Every time you read a book, write a note, sort the laundry, check the TV listings, or recount the day’s happenings, you are using skills young children need to have to be ready to learn to read and write. Here are some simple activities you and your child can do together.
Learning New Words
Play simple naming games with your child. You can ask, “What is This?” or “Where is he/she going?” when you go to the grocery store, go on a walk, or sit and look out the window.
Talk to your child as you do everyday tasks such as sorting the laundry or thinking about what to cook. Explain the piles of laundry, for example, “Here are the dark clothes and here are the white clothes.” Show your child the ingredients you have for making a meal and name them together.
Read and reread books about topics your child is interested in. Learn the names of animals, vehicles, plants and games together.
Take your child on short trips to new places, such as a florist shop or a park. Talk about what you see along the way and what you see when you get there. When you get home, have your child draw a picture of something he or she saw. Write a caption for the picture.
Go to a familiar place and look for the people who work there. What jobs do they do? What tools do they use?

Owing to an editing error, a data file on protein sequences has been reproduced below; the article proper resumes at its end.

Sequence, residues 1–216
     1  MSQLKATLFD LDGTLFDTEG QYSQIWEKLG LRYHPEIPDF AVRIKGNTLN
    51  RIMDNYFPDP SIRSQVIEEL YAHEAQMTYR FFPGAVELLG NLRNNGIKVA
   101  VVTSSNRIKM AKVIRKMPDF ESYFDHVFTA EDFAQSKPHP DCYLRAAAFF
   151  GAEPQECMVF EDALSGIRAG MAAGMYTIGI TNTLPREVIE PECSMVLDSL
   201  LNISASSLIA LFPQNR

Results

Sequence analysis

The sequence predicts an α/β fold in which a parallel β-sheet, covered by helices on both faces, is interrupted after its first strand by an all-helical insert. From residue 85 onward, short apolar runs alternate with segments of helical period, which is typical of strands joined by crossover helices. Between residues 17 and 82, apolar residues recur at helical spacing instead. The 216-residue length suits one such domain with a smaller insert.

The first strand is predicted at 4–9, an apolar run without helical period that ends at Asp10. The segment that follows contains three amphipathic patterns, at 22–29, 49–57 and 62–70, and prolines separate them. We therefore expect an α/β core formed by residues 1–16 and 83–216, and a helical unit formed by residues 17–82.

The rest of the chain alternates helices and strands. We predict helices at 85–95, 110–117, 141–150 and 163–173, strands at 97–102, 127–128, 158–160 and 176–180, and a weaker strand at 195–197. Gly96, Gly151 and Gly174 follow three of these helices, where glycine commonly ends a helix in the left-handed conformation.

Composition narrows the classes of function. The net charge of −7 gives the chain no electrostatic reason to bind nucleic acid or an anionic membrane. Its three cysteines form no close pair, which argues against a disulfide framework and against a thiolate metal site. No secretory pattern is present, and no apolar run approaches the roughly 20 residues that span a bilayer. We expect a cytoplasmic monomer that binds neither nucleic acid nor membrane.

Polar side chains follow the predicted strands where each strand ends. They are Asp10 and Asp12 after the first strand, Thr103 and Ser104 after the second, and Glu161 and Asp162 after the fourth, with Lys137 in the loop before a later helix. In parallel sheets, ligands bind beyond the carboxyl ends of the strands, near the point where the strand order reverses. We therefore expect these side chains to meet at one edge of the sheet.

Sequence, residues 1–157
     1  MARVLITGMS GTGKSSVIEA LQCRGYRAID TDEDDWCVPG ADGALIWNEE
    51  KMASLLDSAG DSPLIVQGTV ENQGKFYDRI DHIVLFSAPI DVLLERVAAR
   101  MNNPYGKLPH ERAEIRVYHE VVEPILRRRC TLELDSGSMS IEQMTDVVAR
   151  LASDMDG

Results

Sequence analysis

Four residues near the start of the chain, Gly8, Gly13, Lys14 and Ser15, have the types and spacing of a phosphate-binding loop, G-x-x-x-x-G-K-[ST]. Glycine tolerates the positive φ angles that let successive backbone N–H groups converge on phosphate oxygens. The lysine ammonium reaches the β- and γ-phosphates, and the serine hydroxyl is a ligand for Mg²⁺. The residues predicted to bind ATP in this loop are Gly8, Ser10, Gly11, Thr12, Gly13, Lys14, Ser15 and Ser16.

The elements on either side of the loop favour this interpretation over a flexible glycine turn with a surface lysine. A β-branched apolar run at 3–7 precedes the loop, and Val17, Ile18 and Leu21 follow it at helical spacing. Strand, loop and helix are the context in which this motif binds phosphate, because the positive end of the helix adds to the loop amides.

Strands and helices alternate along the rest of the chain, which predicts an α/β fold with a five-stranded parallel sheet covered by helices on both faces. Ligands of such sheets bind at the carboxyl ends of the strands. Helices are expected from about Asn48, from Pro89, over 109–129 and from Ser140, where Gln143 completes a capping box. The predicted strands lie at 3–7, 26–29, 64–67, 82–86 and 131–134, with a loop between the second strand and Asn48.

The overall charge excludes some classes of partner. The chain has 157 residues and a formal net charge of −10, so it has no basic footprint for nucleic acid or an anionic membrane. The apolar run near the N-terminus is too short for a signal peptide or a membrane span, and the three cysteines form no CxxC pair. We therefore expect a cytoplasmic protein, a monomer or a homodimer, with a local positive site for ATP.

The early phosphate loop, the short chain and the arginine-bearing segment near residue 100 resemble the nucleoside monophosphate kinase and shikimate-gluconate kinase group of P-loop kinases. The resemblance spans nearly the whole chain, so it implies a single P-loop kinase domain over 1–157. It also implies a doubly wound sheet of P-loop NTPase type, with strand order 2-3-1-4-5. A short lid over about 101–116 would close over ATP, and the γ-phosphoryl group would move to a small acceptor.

Listening for Letters and Sounds
Read, sing, or say nursery rhymes from your childhood. Help your child learn them. Point out the parts that rhyme or have worlds you like to say or hear.
Point out Ways words begin or end. Compare words that start with the same sound, for example, tomato and taco. Ask: “Tomatoes and tacos begin in the same way. Can you hear the t in tomatoes and tacos?”
Read books with rhyming words, such as those by Dr. Seuss. Let your child fill in the words as you read them again and again.
Make up riddles and guessing games using worlds that rhyme or words that start with the same sounds. For example, “What kind of cake would a snake make? He might make a lake cake.” The rhymes can be silly and fun and will get your child thinking about words and listening for rhymes.